2 Corinthians 10

1 Now I Paul, myself, entreat you by the humility and gentleness of Christ; I who in your presence am lowly amongst you, but being absent am bold towards you. 2 Yes, I beg you that I may not, when present, show courage with the confidence with which I intend to be bold against some, who consider us to be walking according to the flesh. 3 For though we walk in the flesh, we don’t wage war according to the flesh; 4 for the weapons of our warfare are not of the flesh, but mighty before God to the throwing down of strongholds, 5 throwing down imaginations and every high thing that is exalted against the knowledge of God, and bringing every thought into captivity to the obedience of Christ; 6 and being in readiness to avenge all disobedience, when your obedience will be made full. 7 Do you look at things only as they appear in front of your face? If anyone trusts in himself that he is Christ’s, let him consider this again with himself, that, even as he is Christ’s, so also we are Christ’s. 8 For though I should boast somewhat abundantly concerning our authority, (which the Lord gave for building you up, and not for casting you down) I will not be disappointed, 9 that I may not seem as if I desire to terrify you by my letters. 10 For, “His letters”, they say, “are weighty and strong, but his bodily presence is weak, and his speech is despised.” 11 Let such a person consider this, that what we are in word by letters when we are absent, such are we also in deed when we are present. 12 For we are not bold to number or compare ourselves with some of those who commend themselves. But they themselves, measuring themselves by themselves, and comparing themselves with themselves, are without understanding. 13 But we will not boast beyond proper limits, but within the boundaries with which God appointed to us, which reach even to you. 14 For we don’t stretch ourselves too much, as though we didn’t reach to you. For we came even as far as to you with the Good News of Christ, 15 not boasting beyond proper limits in other men’s labors, but having hope that as your faith grows, we will be abundantly enlarged by you in our sphere of influence, 16 so as to preach the Good News even to the parts beyond you, not to boast in what someone else has already done. 17 But “he who boasts, let him boast in the Lord.” 18 For it isn’t he who commends himself who is approved, but whom the Lord commends.

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Questions about today’s reading? See if Matthew Henry can help.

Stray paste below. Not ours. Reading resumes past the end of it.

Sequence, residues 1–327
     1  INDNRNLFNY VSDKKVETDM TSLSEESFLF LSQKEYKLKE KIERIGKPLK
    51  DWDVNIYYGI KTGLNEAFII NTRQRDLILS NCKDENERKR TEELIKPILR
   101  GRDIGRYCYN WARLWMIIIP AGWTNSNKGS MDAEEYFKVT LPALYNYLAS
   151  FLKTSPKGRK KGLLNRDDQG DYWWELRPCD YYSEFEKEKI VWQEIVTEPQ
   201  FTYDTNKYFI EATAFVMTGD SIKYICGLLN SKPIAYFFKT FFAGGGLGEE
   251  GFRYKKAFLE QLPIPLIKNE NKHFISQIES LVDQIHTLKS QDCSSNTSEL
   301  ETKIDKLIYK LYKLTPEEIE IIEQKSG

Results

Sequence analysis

Matthew Henry’s Concise Commentary, 1706

Verses 1–6

While others thought meanly, and spake scornfully of the apostle, he had low thoughts, and spake humbly of himself. We should be aware of our own infirmities, and think humbly of ourselves, even when men reproach us. The work of the ministry is a spiritual warfare with spiritual enemies, and for spiritual purposes. Outward force is not the method of the gospel, but strong persuasions, by the power of truth and the meekness of wisdom. Conscience is accountable to God only; and people must be persuaded to God and their duty, not driven by force. Thus the weapons of our warfare are very powerful; the evidence of truth is convincing. What opposition is made against the gospel, by the powers of sin and Satan in the hearts of men! But observe the conquest the word of God gains. The appointed means, however feeble they appear to some, will be mighty through God. And the preaching of the cross, by men of faith and prayer, has always been fatal to idolatry, impiety, and wickedness.

Verses 7–11

In outward appearance, Paul was mean and despised in the eyes of some, but this was a false rule to judge by. We must not think that none outward appearance, as if the want of such things proved a man not to be a real Christian, or an able, faithful minister of the lowly Saviour.

Verses 12–18

If we would compare ourselves with others who excel us, this would be a good method to keep us humble. The apostle fixes a good rule for his conduct; namely, not to boast of things without his measure, which was the measure God had distributed to him. There is not a more fruitful source of error, than to judge of persons and opinions by our own prejudices. How common is it for persons to judge of their own religious character, by the opinions and maxims of the world around them! But how different is the rule of God’s word! And of all flattery, self-flattery is the worst. Therefore, instead of praising ourselves, we should strive to approve ourselves to God. In a word, let us glory in the Lord our salvation, and in all other things only as evidences of his love, or means of promoting his glory. Instead of praising ourselves, or seeking the praise of men, let us desire that honour which cometh from God only.

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